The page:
I just read some first pages of "The art of electronics - Paul Horowitz". In chapter 2 transistor it says there are four properties of an NPN transistor (for PNP, it is reversed).
The 2nd property say:
The base-emitter and base-collector circuits behave like diodes. Normally the base-emitter diode is conducting and the base-collector diode is reverse-biased.
Then it says:
Note particularly the effect of property 2. This means you can't go sticking a voltage across the base-emitter terminals, because an enormous current will flow if the base is more positive than the emitter by more than about 0.6 to 0.8 volt.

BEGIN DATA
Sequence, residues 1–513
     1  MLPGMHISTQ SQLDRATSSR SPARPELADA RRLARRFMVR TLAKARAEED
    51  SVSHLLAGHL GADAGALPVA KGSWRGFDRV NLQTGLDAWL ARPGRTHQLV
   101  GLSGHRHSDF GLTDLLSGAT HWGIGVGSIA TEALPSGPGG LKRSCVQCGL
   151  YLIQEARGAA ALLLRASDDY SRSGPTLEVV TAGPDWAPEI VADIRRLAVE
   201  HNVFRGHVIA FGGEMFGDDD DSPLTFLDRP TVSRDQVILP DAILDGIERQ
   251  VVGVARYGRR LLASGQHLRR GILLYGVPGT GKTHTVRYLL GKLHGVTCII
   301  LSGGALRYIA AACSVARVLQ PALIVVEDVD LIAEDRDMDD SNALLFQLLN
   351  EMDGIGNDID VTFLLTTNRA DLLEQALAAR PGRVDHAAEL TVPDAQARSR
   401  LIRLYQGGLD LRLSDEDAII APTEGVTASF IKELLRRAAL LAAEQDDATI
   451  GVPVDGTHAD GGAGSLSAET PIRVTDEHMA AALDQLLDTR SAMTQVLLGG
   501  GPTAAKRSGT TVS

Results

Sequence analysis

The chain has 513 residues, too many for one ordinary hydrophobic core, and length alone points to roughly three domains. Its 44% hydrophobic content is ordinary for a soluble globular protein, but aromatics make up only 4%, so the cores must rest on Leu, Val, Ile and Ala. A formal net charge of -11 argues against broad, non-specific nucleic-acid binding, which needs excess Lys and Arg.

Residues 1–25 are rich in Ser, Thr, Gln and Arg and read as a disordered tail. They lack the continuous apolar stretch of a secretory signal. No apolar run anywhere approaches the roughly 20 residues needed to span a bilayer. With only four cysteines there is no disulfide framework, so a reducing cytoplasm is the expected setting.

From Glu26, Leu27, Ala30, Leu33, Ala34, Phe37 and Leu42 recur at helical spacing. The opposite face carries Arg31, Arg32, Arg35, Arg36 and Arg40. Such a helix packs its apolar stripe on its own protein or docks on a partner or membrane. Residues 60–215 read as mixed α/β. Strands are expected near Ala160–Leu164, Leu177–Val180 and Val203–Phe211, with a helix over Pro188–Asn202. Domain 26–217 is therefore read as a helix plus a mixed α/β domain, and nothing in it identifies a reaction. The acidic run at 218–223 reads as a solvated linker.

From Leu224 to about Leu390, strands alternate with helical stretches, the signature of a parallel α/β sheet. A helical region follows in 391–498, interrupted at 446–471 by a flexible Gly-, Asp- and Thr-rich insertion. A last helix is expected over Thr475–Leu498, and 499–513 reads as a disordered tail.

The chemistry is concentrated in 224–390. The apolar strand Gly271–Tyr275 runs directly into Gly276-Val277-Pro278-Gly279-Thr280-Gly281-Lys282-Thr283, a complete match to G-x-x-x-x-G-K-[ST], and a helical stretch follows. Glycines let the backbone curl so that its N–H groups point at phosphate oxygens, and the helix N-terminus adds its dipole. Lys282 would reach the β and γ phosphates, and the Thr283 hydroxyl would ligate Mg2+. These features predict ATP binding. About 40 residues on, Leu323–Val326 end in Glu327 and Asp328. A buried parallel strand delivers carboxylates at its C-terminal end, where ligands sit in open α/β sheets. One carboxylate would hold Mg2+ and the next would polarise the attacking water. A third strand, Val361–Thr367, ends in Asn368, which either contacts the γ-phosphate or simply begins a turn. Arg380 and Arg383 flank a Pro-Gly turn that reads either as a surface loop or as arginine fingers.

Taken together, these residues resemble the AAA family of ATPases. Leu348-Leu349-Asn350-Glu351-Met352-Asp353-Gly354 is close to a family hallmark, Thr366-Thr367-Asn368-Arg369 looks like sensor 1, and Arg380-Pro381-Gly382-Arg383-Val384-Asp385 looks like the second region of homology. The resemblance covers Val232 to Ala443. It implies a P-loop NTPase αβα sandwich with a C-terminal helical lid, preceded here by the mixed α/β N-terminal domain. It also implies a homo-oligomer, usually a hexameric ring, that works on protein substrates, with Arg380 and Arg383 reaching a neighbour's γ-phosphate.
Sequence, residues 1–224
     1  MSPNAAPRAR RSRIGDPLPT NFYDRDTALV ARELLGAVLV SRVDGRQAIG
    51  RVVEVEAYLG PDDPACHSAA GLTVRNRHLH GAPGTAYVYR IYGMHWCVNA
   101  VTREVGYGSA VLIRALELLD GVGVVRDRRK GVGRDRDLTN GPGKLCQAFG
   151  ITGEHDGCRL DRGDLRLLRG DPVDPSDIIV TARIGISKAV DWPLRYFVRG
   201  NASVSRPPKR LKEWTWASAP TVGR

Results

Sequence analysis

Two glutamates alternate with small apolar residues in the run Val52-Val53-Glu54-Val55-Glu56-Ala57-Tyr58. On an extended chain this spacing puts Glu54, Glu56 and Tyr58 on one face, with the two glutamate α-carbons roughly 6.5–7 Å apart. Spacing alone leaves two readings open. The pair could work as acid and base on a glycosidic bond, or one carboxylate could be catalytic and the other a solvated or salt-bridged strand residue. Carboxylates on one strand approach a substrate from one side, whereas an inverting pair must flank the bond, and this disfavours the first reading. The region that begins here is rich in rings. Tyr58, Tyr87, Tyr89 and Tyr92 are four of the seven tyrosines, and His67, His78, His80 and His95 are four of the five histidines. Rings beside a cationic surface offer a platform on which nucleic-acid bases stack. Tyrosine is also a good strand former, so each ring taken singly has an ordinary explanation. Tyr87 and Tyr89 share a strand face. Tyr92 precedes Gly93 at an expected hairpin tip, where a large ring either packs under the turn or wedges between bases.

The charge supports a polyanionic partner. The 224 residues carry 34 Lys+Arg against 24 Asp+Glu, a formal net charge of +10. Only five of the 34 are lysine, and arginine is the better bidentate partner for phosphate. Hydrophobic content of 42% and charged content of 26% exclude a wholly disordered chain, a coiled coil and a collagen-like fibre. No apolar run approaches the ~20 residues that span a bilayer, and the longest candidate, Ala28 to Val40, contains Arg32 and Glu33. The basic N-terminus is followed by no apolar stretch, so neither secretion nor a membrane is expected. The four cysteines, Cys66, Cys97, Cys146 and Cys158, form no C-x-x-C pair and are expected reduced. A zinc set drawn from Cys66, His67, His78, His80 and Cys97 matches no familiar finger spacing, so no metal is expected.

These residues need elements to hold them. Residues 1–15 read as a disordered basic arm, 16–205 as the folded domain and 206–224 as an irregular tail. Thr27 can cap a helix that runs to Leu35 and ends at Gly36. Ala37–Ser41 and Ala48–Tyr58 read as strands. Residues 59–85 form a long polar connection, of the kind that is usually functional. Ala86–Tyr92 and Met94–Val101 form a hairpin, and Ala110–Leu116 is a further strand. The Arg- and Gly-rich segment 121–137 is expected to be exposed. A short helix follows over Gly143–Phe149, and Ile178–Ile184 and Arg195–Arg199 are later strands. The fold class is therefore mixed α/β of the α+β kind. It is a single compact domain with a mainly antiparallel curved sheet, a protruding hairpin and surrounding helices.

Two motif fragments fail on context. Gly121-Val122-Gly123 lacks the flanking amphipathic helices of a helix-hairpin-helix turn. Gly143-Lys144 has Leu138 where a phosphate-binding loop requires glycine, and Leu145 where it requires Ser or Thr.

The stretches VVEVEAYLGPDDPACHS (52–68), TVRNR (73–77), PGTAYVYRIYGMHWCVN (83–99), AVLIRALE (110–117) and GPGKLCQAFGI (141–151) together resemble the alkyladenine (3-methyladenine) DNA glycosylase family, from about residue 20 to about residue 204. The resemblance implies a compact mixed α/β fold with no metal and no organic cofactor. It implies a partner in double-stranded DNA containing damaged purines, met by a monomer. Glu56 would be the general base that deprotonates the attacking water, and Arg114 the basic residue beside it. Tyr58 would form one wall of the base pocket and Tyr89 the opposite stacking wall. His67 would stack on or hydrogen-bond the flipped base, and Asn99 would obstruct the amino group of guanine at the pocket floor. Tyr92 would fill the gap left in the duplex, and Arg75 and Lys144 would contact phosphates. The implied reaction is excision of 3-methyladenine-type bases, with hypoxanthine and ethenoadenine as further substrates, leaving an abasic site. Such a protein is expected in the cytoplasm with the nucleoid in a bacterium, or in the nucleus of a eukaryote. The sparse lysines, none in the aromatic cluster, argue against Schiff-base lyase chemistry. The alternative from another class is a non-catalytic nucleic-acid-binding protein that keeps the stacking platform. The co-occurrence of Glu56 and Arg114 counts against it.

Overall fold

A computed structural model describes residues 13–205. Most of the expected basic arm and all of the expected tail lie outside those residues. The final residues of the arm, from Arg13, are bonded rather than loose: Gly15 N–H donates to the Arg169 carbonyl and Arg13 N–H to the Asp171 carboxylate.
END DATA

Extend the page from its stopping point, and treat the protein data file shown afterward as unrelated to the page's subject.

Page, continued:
I don't understand why? Current flow from base to emitter because the base-emitter is conducting-diode so why can't I stick a voltage on those two terminals. If I don't apply a voltage, how can there be a current flowing?
because an enormous current will flow if the base is more positive than the emitter by more than about 0.6 to 0.8 volt
What does this explanation mean? Why is the explanation that a voltage can't be applied to the base-emitter terminal?